NEXT100 provides an in-depth look at the intersection of the clean energy business and the environment. It focuses on trends in green technology, policy and the Earth’s climate that will most impact the energy industry and our customers over the next 100 years–PG&E’s second century in operation.
NEXT100 is written and edited by Jonathan Marshall, with contributions from colleagues at PG&E. Postings on NEXT100 represent the opinions of the authors and do not necessarily reflect the official position of PG&E.
The Puzzling Psychology of Climate Change Denial
Working with supercomputers, satellites and Earth sensors, scientists are steadily cracking the secrets of global warming. But so far, as Jonathan Marshall writes in his NEXT100 blog, they’ve barely begun to understand the biggest puzzle of all: the psychology of climate change denial.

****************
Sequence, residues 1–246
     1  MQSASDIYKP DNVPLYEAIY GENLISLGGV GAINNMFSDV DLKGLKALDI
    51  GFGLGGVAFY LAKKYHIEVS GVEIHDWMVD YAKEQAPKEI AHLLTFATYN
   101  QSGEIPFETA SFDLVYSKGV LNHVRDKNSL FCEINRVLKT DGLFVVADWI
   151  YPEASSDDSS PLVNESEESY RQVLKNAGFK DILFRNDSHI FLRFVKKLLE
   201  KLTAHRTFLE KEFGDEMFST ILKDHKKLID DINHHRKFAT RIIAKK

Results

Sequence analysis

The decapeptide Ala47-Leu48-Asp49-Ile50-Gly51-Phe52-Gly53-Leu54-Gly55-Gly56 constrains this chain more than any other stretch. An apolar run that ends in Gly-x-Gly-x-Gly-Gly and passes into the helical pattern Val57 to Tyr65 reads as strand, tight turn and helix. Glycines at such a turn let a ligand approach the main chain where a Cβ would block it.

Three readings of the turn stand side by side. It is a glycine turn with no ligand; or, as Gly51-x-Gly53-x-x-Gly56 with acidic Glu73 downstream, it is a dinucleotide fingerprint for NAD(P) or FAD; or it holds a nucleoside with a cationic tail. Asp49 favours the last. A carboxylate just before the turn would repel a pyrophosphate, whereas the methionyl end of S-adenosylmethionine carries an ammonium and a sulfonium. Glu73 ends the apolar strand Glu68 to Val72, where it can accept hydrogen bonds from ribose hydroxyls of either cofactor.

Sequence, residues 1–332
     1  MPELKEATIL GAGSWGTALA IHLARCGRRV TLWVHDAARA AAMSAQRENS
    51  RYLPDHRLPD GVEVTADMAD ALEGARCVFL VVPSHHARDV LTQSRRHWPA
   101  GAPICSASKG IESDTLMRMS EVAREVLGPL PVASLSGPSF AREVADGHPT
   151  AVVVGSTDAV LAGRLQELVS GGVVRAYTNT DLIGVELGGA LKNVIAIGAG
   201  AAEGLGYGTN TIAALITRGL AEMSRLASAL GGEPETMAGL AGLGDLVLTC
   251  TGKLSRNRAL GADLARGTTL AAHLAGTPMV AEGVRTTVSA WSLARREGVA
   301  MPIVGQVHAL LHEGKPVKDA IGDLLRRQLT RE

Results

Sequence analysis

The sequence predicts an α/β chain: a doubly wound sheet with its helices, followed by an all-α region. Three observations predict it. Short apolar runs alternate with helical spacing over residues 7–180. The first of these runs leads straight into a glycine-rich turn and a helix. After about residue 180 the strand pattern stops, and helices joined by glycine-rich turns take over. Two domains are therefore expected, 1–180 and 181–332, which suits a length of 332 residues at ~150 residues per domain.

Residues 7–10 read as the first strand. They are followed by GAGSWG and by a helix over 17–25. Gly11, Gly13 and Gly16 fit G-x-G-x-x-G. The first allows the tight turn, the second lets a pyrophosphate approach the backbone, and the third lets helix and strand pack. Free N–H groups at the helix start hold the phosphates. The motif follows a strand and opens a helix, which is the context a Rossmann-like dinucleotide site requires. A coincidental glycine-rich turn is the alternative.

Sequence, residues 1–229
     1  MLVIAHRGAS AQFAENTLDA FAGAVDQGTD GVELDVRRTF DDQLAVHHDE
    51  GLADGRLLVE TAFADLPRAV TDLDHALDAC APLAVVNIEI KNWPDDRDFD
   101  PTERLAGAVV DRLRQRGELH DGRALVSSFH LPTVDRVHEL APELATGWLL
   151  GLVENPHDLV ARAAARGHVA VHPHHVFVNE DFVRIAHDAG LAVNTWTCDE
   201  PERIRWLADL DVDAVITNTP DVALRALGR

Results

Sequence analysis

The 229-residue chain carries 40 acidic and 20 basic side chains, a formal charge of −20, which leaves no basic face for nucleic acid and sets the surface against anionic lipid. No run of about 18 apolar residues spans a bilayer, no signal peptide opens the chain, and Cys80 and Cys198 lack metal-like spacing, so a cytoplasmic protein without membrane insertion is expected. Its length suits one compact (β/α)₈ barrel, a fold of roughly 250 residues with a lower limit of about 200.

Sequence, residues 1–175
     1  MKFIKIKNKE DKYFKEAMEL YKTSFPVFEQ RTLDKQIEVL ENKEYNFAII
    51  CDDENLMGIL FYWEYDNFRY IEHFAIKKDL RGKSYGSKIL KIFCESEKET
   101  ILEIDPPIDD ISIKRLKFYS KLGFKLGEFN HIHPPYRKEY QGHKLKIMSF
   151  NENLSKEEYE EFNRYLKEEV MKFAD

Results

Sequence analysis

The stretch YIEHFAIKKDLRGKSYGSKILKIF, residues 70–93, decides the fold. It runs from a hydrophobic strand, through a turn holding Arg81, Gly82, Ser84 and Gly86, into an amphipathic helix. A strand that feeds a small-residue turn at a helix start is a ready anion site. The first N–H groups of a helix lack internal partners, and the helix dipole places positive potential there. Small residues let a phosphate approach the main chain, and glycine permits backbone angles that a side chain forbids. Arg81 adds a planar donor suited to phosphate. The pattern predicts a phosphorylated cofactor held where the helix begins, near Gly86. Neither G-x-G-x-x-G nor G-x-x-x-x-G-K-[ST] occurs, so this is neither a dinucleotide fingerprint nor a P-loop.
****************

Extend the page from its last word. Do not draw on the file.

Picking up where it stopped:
Truck Makers Go on a Diet for Fuel Efficiency
With tougher fuel economy standards coming for medium- and heavy-duty trucks, companies are starting to unveil some innovative designs, writes Jonathan Marshall in his NEXT100 blog.
PG&E Keeps an Eye Out for California Mega-Storms
Rain and snow will help alleviate California’s drought. But, as Jonathan Marshall notes in his Next100 blog, a century and a half ago, California’s farmer and ranchers were likewise “praying for rain after two exceptionally dry decades.” Unfortunately, their prayers were answered with rains of Biblical proportions, which led to the worst flooding in California’s history.
Paper or Plastic — Turning Bags into Fuel
Jonathan Marshall writes in his NEXT100 blog that plastic bags, which are made from petroleum, can be converted back into surprisingly good transportation fuel, according to a new research.
How PG&E Met the Challenge of Electric Vehicles
As more pure electrics and plug-in hybrids hit the roads, PG&E has been paying close attention to the adequacy of local infrastructure in EV-friendly neighborhoods. Also, as Jonathan Marshall writes in his NEXT100 blog, PG&E and other utilities have created special rate plans to incent owners to charge at night, when circuits have plenty of excess capacity.